Author(s): Ian Lowe
Can we reinvent the Lucky Country? Fifty years ago author Donald Horne described Australia as 'a lucky country run by second-rate people', adding that our leaders are mostly unaware of events that surround them. The good fortune continued when our wide brown land proved to contain bountiful resources of saleable minerals, allowing successive generations of second-rate leaders to create an illusion of economic progress by liquidating those assets. But a crisis is approaching, driven by irresponsible encouragement of population growth rates typical of poor developing countries. Our domestic problems will be compounded by the global issues accurately projected forty years ago. It remains possible for Australia, still having a relatively small population and plentiful natural resources, to transform our nation into a model of sustainable development that would set an example to the rest of the world. The opportunity to do so, however, is being squandered by the current generation of second-rate leaders, still largely unaware of the events which are influencing their decisions. In this polemic work, Ian Lowe will assess the state of Australia and whether we can retain our status of the Lucky Country. What kind of future do we want for our country?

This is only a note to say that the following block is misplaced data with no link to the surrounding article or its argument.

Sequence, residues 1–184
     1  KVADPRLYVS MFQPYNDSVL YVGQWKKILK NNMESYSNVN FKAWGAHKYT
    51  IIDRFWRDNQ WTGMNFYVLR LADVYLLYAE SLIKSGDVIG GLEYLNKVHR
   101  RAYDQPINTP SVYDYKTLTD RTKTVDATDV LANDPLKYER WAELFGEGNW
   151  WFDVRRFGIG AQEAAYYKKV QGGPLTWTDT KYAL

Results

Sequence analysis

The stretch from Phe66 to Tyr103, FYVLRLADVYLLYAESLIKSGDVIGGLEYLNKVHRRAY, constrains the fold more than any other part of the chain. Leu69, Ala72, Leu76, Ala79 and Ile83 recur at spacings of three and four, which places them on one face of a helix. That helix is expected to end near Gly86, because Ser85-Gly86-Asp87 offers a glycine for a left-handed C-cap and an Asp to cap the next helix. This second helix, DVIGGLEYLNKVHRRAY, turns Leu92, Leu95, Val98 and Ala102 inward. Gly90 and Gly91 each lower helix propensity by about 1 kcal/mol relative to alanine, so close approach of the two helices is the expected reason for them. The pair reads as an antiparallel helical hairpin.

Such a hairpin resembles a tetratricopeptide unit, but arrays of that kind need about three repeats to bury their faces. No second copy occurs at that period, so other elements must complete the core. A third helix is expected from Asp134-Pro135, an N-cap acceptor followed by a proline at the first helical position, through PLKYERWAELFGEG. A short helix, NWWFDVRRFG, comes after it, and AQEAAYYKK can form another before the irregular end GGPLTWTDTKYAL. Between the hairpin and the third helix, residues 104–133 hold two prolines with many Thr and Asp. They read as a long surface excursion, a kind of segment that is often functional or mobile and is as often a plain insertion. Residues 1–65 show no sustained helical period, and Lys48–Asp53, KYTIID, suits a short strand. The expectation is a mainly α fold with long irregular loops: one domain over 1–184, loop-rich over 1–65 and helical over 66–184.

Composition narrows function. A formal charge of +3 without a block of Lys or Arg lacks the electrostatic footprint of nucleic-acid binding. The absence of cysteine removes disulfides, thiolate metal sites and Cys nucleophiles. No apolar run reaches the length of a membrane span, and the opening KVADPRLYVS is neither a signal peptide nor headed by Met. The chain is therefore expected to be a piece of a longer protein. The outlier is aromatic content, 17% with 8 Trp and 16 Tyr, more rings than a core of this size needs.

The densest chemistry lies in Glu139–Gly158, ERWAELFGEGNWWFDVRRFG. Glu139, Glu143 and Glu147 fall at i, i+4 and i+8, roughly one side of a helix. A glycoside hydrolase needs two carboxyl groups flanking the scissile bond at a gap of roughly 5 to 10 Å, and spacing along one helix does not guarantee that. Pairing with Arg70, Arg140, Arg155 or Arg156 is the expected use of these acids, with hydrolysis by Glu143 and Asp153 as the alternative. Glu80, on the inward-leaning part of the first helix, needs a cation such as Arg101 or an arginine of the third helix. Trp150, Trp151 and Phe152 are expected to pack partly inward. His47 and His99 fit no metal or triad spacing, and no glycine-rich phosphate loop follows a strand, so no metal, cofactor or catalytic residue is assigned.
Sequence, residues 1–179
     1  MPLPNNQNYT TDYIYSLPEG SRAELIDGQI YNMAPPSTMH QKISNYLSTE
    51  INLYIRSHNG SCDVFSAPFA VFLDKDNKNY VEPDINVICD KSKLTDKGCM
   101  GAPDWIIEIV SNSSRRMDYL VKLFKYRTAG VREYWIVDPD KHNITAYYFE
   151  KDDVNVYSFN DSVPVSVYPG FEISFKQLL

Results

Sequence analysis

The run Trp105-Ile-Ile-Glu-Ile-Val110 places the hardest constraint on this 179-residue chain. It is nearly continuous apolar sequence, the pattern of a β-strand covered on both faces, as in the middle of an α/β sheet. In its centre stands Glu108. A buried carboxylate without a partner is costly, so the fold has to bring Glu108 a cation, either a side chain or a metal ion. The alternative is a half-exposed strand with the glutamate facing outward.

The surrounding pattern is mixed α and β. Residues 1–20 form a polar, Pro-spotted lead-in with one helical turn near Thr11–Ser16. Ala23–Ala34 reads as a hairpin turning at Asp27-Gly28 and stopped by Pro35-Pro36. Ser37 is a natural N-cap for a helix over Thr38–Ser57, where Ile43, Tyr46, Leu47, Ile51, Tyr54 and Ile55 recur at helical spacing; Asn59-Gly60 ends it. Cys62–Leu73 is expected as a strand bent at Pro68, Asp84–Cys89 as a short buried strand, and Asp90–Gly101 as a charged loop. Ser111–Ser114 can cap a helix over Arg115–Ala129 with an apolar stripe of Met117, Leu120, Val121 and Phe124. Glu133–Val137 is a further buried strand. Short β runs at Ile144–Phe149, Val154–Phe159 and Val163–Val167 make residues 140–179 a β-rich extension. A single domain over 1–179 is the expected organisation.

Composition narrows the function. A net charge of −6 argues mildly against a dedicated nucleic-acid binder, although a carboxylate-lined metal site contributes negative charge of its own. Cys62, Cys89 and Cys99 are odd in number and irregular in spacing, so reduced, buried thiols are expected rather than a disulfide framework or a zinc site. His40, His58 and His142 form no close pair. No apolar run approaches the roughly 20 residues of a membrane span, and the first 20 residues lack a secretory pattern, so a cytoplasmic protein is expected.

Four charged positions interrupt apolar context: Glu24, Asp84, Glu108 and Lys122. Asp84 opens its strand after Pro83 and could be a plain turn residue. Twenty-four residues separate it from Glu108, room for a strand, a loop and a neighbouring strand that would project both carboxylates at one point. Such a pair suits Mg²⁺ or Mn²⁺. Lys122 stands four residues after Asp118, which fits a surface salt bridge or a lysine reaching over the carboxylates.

Professor Ian Lowe AO is president of the Australian Conservation Foundation (ACF), emeritus professor of science, technology and society at Griffith University in Brisbane, as well as being an adjunct professor at Sunshine Coast University and Flinders University. His previous books include A Big Fix, Living in the Hothouseand A Voice of Reason. Professor Lowe has been a referee for the Inter-Governmental Panel on Climate Change, the International Geosphere-Biosphere Program and the Millennium Assessment. He attended the Geneva, Kyoto and Copenhagen conferences of parties to the Framework Convention on Climate Change. He was a member of the Australian delegation to the 1999 UNESCO World Conference on Science and has served on many advisory bodies to all levels of government.